8 Endospore Stain

The endospore stain differentiates between developmental stages of bacteria. There are two genera of bacteria, Clostridium and Bacillus, that make up most of the Firmicutes phylum. They have two stages of development: vegetative stage and sporulation stage. The vegetative stage is when the bacterial cell is the normal actively growing vegetative cell. It is capable of metabolism, enzymatic activity, and has the normal water content. Due to actively reproducing, its DNA is exposed, and also has sensitivities to extreme temperatures, radiation, and chemicals. The sporulation stage is when the vegetative cell is forming endospores as insurance for when essential nutrients may be depleted, especially when carbon and nitrogen become unavailable. Endospores are a resting, or dormant, stage that protect DNA and proteins from unfavorable conditions. They are dehydrated structures that do not grow or carry out metabolism, so they are insensitive to antibiotics. They have many layers surrounding the core, which contains the DNA. The outermost layer is made up of a thick protein coat of exosporium that forms a protective barrier. (Figure 8.1). Endospores are resistant to heat, radiation, acids, and many chemicals due to the composition of these layers.

Figure 8.1 This drawing illustrates the structure of an endospore and its layers of protection.



Each student should have:
Blue rack
2 glass slides
Malachite green stain
Stain bottle rack: safranin
Lens paper
Windex (depends on instructor)
Inoculating loop
Wax pencil
Metal slide clip
Bunsen Burner
1 slant culture of Bacillus subtilis




  1. Draw a circle with the wax pencil on a slide.
  2. Flip the slide over. Write “Up”.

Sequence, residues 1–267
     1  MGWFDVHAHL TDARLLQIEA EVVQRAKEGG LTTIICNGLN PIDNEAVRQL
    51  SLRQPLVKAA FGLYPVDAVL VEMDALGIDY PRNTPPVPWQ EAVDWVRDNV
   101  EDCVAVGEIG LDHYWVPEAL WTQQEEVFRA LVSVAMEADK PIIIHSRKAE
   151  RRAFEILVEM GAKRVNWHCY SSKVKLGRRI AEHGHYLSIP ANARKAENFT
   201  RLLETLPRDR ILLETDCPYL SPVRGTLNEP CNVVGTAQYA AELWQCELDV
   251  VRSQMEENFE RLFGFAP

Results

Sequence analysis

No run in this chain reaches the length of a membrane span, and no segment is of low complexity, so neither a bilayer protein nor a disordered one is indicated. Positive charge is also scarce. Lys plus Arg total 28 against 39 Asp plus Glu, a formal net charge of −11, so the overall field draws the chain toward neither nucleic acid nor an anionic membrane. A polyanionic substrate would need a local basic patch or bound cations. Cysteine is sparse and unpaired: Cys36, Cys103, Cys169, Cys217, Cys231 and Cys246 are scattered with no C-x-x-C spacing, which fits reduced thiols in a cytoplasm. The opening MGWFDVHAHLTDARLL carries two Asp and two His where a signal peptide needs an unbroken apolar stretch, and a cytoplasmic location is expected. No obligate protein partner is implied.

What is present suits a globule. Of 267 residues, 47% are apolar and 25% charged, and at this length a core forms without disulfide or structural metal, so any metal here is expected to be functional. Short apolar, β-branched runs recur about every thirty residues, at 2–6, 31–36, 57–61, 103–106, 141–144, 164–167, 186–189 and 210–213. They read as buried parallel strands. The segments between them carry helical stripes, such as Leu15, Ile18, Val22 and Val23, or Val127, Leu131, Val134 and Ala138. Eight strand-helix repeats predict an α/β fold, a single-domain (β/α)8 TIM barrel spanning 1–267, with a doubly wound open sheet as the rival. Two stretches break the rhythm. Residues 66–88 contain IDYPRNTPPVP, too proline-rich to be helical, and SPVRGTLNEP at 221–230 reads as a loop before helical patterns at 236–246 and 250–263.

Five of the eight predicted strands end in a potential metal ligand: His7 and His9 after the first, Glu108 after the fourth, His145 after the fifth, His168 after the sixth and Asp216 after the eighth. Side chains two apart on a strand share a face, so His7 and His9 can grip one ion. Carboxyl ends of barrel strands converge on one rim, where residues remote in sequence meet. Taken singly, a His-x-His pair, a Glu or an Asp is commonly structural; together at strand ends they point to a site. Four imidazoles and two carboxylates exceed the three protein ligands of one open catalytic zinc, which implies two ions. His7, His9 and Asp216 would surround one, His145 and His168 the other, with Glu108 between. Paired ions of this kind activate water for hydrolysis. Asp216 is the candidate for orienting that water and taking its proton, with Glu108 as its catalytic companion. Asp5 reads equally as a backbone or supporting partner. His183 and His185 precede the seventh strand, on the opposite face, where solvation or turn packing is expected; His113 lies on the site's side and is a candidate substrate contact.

3. Place a small drop of distilled water onto the slide within the wax circle.
  4. Using aseptic technique, remove a small amount of bacteria from a slant
  5. Air dry the slide. Do not apply heat to a wet slide. Do not blow on the slide.
  6. Heat fix the slide.



STAIN ONLY ONE SLIDE. You may not need the second slide. This serves as a backup in case you have error in your staining procedure. It saves you time.

  1. Place one smear prep on a boiling hot water bath.
  2. Place a piece of paper towel over smear.
  3. Saturate towel & slide with malachite green for 5 minutes.
  4. Decolorize slide with distilled water until clear over stain tray.
  5. Counterstain with safranin for 60 seconds.
  6. Rinse with distilled water.
  7. Blot dry with a paper towel.
  8. Examine under the microscope, and show your instructor at 1000x magnification.
  9. After your instructor’s approval of your staining technique, dispose of your slides in the plastic beaker labeled “Self prepped” in the Discard Area.




Brown, A. E. (2009). Benson’s Microbiological Applications: Laboratory Manual in General Microbiology. New York: McGraw Hill.

Chess, B. (2015). Laboratory Applications in Microbiology: A Case Study Approach. New York: McGraw Hill. Microbe Wiki. (2012, December 16). Retrieved from Bacterial Endospores:


OpenStax. (2016, November 1). Microbiology. Retrieved from https://legacy.cnx.org/content/col12087/1.4





















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WPUNJ Microbiology Laboratory Manual by Patricia Bush, MS and Dr. Kendall Martin, PhD is licensed under a Creative Commons Attribution-NonCommercial-ShareAlike 4.0 International License, except where otherwise noted.

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